COLORADO – When forty members of the Rocky Mountain Regional Leadership Team gathered the week of September 23, an open house with 14 student leaders from Collbran, Boxelder and Pine Ridge Job Corps Civilian Conservation Centers provided a break from discussions on the challenges faced in managing national forests and grasslands. But one resource the Rocky Mountain Region has eagerly taken advantage of are the three CCCs spread across the region. Integrating the CCCs into the fabric of its work has been at the forefront of the Forest Service initiative to address critical needs in the areas of facilities, trails and recreational area infrastructure and work in the area of natural resources such as aquatics.
“The array of work that the students do is intriguing, and the idea that we will be working more closely with Job Corps to identify even more skills and trades relevant to natural resources is an exciting endeavor,” said Rock Mountain Regional Forester Brian Ferebee. The student trade tables were the highlight of the open house, providing the opportunity for students to demonstrate the skills they refine in their specific vocational trades and how those skills could be deployed to aid the agency.
Pine Ridge Job Corps welding student Tanner Rocha’s table was consistently busy with staff lingering to admire the intricacy of his fabricated sculptures that included a huge butterfly with outstretched wings. Custom metal work is an area where CCCs provide significant support to national forests and grasslands. Across the nation, welding students fabricate heavy steel gates for road closures, cattle guards, fire rings and Americans with Disabilities Act accessible fire rings grill tops.
Rocha was surprised at the number of attendees who were unaware of the value that Civilian Conservation Centers provide or the level of talent to be found on the centers. “I showed the leadership team very basic work we do in custom fabrication. I loved the experience showing off Pine Ridge Job Corps. More people need to know about this hidden gem.”
RLT members also engaged in discussions and demonstrations with students in the electrical, business administration, computer networking and brick laying technical trades. The students were gratified that top USDA Forest Service leaders displayed such a deep interest in their life journeys and the success they had found at Collbran, Boxelder and Pine Ridge. “It was a great experience meeting all of the head people that make Job Corps possible,” said culinary arts student Alicia Reese who is also a member of the Boxelder Job Corps Mobile Kitchen staff and who helped prepared lunch for the RLT.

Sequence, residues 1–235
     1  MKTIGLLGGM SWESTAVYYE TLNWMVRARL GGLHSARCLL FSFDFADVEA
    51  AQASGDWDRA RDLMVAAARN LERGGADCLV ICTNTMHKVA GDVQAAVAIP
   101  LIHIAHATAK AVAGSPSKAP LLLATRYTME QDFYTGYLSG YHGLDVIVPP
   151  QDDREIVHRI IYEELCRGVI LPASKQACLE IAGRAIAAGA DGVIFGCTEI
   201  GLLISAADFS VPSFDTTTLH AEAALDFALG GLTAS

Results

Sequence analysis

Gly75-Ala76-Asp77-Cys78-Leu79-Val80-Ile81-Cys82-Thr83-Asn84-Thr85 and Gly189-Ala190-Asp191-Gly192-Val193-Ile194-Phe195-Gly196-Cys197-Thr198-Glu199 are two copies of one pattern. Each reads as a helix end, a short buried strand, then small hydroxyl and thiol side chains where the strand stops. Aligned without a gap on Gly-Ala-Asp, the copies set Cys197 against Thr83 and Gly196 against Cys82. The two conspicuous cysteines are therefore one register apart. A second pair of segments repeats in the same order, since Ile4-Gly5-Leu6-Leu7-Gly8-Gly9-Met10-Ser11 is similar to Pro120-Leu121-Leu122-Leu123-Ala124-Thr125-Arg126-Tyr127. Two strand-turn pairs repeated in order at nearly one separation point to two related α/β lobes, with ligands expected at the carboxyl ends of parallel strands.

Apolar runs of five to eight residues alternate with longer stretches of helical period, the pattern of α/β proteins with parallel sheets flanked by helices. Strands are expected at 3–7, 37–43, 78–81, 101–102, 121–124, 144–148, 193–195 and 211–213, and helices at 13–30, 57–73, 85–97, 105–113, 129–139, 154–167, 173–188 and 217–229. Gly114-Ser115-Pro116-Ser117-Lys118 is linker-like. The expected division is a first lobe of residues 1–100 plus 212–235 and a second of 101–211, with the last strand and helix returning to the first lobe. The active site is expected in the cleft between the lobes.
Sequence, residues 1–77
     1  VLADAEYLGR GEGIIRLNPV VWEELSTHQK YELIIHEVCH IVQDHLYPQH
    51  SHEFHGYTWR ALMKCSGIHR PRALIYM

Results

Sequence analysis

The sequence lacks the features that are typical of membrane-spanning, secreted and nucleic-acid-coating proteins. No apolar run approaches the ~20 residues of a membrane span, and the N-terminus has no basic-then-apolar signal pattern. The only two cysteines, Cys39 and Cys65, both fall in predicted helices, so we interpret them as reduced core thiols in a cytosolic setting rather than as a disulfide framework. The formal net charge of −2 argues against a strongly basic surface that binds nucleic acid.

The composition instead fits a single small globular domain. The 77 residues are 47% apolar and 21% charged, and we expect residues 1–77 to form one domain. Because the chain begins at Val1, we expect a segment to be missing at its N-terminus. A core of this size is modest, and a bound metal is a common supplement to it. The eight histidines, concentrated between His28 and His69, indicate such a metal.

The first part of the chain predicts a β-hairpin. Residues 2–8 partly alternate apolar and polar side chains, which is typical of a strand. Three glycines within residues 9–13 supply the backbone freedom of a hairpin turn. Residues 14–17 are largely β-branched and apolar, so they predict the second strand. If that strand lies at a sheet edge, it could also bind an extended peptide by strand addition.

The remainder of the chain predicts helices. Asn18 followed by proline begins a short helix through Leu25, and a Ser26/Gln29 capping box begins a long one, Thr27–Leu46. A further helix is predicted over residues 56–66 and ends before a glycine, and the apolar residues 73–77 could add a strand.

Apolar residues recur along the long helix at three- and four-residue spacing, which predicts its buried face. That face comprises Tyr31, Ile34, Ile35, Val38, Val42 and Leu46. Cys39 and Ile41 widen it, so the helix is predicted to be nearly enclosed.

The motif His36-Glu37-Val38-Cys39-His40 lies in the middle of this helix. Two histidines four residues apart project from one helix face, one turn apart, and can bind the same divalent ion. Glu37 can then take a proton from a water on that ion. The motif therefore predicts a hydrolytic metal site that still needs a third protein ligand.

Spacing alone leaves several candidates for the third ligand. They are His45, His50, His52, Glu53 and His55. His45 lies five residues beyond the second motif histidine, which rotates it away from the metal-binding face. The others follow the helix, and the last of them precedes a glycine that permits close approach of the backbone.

The Boxelder Mobile Kitchen is a self-supporting unit that deploys to Type 3 wildland fire incidents across the West. The kitchen’s last deployment in Colorado was at the Vallecito Lake Staging Area on the San Juan National Forest where students served exactly 14,451 meals during a seven-week dispatch.
“I enjoyed working on the mobile kitchen during the open house because of how well the group worked together,” said Nyasabit Ayam, who is also an expanded dispatch recorder trainee. “It takes more than one person to make sure everything is done right.”
Each student from Collbran, Boxelder, and Pine Ridge Job Corps Centers traveled different paths to get to Job Corps, but they all enrolled with the same goal—to carve out a better life by obtaining the education and vocation training that would prepare them for successful careers. The added benefit they discovered at the Civilian Conservation Centers was the opportunity to support the nation’s public natural resources.
The Forest Service Job Corps program helps harness the enormous potential of young people, helping them improve their lives and, through civic engagement, transform rural and urban communities for the better. For nearly 100 years, the Forest Service has combined land stewardship with education and training. This mission continues forward with the Civilian Conservation Centers that, as part of the Forest Service, are caring for the land and serving the people.